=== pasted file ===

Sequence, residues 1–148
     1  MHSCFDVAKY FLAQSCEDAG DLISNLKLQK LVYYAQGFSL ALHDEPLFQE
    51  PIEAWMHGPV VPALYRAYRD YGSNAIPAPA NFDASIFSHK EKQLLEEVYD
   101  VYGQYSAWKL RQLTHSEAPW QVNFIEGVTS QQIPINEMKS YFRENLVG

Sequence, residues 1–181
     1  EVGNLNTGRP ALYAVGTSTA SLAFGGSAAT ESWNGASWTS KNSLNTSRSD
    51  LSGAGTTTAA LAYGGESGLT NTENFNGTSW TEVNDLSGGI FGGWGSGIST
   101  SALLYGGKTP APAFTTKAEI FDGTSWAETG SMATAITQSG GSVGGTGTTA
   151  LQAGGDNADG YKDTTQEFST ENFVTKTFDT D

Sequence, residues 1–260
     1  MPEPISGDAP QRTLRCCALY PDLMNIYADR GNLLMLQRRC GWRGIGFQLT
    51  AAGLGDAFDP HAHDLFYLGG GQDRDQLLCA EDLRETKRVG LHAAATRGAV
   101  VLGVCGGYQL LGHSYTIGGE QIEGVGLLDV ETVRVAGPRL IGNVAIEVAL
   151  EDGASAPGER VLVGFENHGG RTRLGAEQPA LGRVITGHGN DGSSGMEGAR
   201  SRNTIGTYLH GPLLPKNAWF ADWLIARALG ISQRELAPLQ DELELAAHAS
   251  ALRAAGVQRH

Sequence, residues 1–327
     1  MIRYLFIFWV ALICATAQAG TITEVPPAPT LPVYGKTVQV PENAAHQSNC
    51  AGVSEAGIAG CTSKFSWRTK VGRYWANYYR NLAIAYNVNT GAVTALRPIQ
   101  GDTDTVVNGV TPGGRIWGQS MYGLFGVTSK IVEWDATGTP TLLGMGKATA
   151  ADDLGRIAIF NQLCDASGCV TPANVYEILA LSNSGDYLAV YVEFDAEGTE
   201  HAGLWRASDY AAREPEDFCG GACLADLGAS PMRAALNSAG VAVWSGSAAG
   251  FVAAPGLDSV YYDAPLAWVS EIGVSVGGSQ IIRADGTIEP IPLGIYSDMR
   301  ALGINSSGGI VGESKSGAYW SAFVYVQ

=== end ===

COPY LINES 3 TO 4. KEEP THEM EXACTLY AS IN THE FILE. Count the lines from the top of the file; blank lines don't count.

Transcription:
    51  PIEAWMHGPV VPALYRAYRD YGSNAIPAPA NFDASIFSHK EKQLLEEVYD
   101  VYGQYSAWKL RQLTHSEAPW QVNFIEGVTS QQIPINEMKS YFRENLVG